Since I was a little girl I’ve enjoyed the sport of dog mushing as both a competitive musher and a spectator. Every year one of the biggest dog mushing events in the world is held in Anchorage, Alaska. The ceremonial start of the Iditarod Sled Dog Race begins on Fourth Avenue in downtown Anchorage on the first Saturday each March. The Iditarod Trail stretches over 1149 miles of Alaska’s vast wilderness. The true race begins a day after, on Sunday from Willow, Alaska. This is where you see the mushers dressed in their cold weather gear and their sleds fully packed with food and equipment for themselves, but mostly for the dogs. From my experience as a musher your number one priority on the trail is your dogs. Each dog is treated with great care to assure they are performing at their very best. Imagine what it’s like to care for not just one Olympic athlete but a team of 16.
A couple of weeks before the race begin in Anchorage each musher has to prepare meals for both themselves and the dogs along with all the necessary gear. These items are all sorted into drop bags which are shipped to each checkpoint along the race. Mushers usually ship over 2000lbs of food and gear. Once the mushers leave Willow it takes them between nine and 16 days to reach the finish line in Nome, Alaska. The race crosses over some very grueling terrain. The Alaska Range, The Yukon River, and finally the Bering Coast where temperatures have reached as cold as -130 degrees Fahrenheit with the wind chill.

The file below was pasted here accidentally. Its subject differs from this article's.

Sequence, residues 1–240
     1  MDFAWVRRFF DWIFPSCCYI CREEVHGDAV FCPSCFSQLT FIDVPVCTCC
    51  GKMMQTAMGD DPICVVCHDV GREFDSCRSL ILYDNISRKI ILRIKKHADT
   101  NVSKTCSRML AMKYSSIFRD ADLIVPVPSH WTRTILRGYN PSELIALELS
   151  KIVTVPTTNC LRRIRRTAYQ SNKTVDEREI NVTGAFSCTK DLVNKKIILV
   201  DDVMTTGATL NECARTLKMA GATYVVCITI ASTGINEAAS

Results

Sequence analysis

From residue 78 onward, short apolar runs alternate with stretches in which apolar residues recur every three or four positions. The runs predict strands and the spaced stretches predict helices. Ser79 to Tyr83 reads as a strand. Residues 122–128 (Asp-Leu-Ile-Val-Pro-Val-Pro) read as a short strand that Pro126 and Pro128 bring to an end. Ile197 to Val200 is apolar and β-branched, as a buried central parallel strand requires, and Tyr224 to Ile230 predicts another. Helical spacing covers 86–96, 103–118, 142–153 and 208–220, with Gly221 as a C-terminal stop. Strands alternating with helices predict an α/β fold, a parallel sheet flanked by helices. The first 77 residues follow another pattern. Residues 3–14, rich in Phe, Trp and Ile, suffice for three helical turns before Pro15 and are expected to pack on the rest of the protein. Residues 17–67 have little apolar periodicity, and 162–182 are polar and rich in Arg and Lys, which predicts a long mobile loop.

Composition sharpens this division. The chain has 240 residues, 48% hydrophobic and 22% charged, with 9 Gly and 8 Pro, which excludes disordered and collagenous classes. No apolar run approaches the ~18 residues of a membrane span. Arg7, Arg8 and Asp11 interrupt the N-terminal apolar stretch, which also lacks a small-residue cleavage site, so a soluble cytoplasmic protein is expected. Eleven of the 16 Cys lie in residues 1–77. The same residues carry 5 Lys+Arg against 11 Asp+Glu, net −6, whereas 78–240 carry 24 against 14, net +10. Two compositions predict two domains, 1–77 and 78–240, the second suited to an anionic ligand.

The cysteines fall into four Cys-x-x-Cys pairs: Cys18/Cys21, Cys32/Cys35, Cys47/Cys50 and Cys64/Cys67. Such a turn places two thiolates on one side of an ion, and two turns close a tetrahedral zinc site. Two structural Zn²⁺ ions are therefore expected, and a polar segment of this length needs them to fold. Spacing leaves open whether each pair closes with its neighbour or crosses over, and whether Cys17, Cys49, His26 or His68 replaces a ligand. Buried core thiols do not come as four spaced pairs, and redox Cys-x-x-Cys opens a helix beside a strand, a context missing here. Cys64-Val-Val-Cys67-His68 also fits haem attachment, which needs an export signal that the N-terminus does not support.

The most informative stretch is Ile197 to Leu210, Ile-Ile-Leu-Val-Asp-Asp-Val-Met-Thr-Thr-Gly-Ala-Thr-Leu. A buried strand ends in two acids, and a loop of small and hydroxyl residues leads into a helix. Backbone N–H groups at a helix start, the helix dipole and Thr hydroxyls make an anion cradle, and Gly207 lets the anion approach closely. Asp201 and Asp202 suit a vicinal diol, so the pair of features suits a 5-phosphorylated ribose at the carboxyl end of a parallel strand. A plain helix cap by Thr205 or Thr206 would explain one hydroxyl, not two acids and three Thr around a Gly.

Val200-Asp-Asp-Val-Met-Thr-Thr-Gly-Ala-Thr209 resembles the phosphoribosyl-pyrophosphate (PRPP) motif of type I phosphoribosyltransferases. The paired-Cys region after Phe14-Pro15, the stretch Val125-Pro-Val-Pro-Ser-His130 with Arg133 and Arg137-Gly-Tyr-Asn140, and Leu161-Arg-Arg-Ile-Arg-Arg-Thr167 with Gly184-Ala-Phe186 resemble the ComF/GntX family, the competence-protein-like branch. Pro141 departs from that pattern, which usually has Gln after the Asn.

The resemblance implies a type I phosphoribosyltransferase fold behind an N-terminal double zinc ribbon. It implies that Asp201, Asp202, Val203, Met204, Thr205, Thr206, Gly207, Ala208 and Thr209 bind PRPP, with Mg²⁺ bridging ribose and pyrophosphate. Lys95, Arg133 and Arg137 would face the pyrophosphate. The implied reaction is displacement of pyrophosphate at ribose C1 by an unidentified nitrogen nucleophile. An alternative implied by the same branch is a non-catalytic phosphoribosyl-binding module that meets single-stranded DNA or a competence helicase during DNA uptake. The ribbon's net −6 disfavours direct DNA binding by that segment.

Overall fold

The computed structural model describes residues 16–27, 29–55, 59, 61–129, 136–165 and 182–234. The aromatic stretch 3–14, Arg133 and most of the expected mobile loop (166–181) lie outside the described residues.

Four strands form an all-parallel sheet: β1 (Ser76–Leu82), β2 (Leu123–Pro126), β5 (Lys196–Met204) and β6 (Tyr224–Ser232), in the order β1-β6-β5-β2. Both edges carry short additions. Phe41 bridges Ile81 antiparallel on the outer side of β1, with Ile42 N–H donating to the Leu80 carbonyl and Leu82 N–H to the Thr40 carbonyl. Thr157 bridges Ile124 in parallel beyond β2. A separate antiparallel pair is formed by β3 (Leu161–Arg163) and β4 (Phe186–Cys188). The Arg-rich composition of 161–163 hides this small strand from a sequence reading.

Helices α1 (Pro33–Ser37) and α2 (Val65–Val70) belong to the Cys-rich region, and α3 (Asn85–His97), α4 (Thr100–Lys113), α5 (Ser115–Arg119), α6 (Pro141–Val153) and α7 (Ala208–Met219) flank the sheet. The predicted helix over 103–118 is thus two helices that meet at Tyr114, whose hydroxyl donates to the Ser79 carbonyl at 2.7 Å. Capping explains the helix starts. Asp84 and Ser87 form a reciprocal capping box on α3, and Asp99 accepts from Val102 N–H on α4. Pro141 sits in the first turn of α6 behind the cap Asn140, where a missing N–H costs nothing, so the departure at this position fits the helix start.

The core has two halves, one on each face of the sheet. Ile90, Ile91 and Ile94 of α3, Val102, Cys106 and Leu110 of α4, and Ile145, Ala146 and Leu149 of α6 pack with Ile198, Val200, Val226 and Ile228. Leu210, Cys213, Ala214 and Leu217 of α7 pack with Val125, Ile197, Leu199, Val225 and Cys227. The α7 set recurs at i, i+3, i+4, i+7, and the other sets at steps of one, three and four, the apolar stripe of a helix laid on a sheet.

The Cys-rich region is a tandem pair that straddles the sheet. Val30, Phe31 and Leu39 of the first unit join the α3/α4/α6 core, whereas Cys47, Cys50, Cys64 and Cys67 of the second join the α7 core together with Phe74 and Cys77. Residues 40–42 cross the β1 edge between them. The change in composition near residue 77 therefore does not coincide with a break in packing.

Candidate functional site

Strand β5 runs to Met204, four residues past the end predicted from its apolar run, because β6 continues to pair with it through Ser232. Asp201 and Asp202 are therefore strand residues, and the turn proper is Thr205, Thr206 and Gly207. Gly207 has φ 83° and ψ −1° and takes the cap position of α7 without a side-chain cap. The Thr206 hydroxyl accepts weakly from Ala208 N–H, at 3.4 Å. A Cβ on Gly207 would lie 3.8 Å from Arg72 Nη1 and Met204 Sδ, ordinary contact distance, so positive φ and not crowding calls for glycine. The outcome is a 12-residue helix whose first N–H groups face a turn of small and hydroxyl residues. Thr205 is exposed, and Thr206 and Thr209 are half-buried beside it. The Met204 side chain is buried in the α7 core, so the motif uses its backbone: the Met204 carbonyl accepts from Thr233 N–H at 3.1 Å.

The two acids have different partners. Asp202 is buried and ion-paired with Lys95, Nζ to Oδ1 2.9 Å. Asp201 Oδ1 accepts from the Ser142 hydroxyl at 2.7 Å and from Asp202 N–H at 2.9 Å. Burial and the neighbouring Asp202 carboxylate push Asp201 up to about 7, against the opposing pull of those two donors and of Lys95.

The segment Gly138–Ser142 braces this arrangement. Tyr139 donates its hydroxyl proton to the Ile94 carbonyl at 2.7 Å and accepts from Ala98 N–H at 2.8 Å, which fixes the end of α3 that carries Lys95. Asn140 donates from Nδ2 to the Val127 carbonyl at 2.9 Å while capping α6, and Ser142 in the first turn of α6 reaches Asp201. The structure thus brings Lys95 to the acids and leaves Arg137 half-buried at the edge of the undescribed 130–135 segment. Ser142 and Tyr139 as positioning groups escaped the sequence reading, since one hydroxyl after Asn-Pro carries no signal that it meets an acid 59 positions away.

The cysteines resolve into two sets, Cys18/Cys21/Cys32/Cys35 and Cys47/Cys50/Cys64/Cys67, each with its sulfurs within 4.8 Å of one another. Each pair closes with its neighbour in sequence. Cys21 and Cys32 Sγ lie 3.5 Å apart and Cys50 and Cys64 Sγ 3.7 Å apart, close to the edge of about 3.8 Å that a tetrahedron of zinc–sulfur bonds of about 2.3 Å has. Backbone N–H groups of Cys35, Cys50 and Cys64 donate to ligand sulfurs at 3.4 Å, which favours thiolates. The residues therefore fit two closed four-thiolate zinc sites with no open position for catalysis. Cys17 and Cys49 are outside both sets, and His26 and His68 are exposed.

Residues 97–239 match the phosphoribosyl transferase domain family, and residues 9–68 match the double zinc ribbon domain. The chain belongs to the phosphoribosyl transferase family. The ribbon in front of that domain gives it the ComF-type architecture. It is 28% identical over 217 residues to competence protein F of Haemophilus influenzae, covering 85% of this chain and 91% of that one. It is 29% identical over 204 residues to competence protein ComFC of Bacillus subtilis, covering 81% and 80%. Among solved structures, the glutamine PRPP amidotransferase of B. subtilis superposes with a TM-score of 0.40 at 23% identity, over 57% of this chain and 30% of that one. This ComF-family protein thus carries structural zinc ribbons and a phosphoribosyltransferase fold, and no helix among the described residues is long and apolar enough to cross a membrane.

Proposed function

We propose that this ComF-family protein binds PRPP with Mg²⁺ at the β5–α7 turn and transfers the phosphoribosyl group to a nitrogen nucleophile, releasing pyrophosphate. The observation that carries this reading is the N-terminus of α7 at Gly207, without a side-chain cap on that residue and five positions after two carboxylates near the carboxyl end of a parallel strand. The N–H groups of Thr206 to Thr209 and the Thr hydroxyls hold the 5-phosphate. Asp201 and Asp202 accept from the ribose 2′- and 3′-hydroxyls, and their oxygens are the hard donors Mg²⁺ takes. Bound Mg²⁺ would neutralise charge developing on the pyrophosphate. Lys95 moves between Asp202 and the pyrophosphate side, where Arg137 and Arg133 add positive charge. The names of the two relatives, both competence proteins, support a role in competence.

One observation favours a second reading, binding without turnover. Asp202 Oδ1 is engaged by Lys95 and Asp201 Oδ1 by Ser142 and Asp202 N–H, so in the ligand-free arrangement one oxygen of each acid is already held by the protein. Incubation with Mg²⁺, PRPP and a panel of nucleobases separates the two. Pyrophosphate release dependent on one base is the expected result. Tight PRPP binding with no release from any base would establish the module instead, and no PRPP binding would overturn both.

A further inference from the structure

Mushers and their teams train year around for this event. During the summer a few of my favorite mushers offer Dog Kennel tours where you can visit the kennel and get an in depth experience of life as a dog musher. These tours are offered in Denali, Talkeetna, and Seward. You can also follow the Iditarod or learn more about the race by visiting www.Iditarod.com.